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A Tradition of Service Logo 75William Anderson

Submitted by: Nathaniel Jenkins, Jr. {Grandson}

5a6631ecdba2d Croix de Guerre

William Anderson was born around 1894. William Anderson served in World War 1 with the United States Army. The enlistment was in 1917 and the service was completed in 1918.

Story of Service


My grandfather, William Anderson, a South Carolina native, was a real American War Hero. He was a quiet and warm man, a jack-of-all-trades born in the late1800s, and he lived a humble life in Asheville, North Carolina. He was part of an all-black regiment that fought with French soldiers against the Germans during World War I.

When my mother would take me and my sisters to visit him, he would frequently show us his medal that he had tucked away in an old tarnished tin Sucrets box. The medal, shaped like an Iron Cross backed by crossed swords, was marred with time; and it had an aged green and red ribbon attached. My grandfather would beam with pride every time he displayed the medal, but as little kids we didn’t fully understand the significance of his pride. Apparently, he wanted his grandchildren and great-grandchildren to know what he'd done--and to be proud of him.

Many years later, I discovered that Grandfather Anderson's efforts on the battlefield earned him a coveted French medal, the Croix de Guerre or Cross of War, for bravery in combat action. That's the same honor given Audie Murphy, the most decorated American combat soldier of World War II.

The citation accompanying the medal revealed that William Anderson, formerly a private in Company D, 371ST Infantry, 93 Division, American Expeditionary Forces, was awarded the Croix de Guerre for actions in the course of the campaign of 1914-1918 against Germany and her Allies. Anderson was a workhorse of Company D. He was a machine gunner.

His personal war history was revealed during an interview he had in the 1970s with Bob Terrell, a local newspaper reporter, and his story was published in an article in the Asheville Citizen Times newspaper. “I didn't do nothing special that night," he said to the reporter, “I just stood and fought, and I never turned my back."

Grandfather talked about some of the close calls he had during the war. Once, when guarding the Hindenburg Line, the border between France and Germany, a terrible skirmish erupted. He was one of only a few survivors out of his 130 man unit.

Every time they needed someone for patrol duty, they called his name and he never missed one. They would slither out of the trenches, crawl through no-man’s land, cut through the barbed wire and look for troop movements, weapons displacements, or anything of interest to his side. On one occasion, a German Patrol was 10 feet away, he said, “so close I knew they could hear my heart beating.”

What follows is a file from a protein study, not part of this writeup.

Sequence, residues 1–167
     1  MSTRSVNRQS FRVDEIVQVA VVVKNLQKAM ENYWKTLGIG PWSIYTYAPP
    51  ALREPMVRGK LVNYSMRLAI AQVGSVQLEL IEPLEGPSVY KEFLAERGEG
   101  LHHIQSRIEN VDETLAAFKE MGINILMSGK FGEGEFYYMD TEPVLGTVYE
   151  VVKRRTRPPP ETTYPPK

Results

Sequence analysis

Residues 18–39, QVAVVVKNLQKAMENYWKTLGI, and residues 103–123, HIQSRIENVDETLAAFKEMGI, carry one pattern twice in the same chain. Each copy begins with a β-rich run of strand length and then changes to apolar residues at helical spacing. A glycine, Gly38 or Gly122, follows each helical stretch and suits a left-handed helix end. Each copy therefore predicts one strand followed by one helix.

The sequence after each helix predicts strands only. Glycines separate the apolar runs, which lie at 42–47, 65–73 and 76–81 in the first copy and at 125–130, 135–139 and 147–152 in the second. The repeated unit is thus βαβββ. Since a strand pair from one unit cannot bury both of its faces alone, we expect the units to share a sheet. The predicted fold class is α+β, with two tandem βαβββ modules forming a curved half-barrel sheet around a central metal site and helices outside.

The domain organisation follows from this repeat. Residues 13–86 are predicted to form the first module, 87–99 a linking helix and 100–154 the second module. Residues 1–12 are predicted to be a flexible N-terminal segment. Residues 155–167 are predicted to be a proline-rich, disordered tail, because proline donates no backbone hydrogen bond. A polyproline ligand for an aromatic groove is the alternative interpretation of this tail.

He remembered when his company broke through the Hindenburg line, the memories of the dead and dying very vivid. “We walked over the dead like ants. We wanted to stop and do something for the lame and hurt, but our orders were “Forward March” and we kept marching.” Anderson's regiment, the 371st Infantry, compiled a commendable record and he was one of 89 enlisted men to receive the French Cross of War.

A few years ago, my wife, Durussia, was invited to speak about Granddaddy Anderson at several High schools in Fredericksburg, Virginia during Black History Month. She showed students the framed certificate he received, now yellowed with age and held up a copy of the newspaper story, with a photo of him holding the medal. She wanted young people to realize that history is more than dates and battles. It's filled with stories of real people--someone's grandfather or uncle or cousin, who died for the cause of freedom. She hopes young people will realize that they, too, can do honorable things, in their schools and jobs, communities and careers. Just like Granddaddy Anderson.

My mother sent me a copy of the newspaper article about Granddaddy’s valor while I was serving in the United States Air Force in the 1970s. It inspired me to make the military a career, and I retired after nearly 23 years of service. My wife and I are proud to be part of families with a tradition of military service. My father and my wife’s father served in the Army during World War II; my wife, her brother Knoxie, and I served during the Vietnam War, and our son Torey is a veteran who served during Operation Enduring Freedom in the Middle East. We are honored to be part of Granddaddy’s military legacy.

Granddaddy was proud of his medal, but he was not the kind of man to wear it around his neck. He kept it in a shelf in his room, in an old Sucrets tin.

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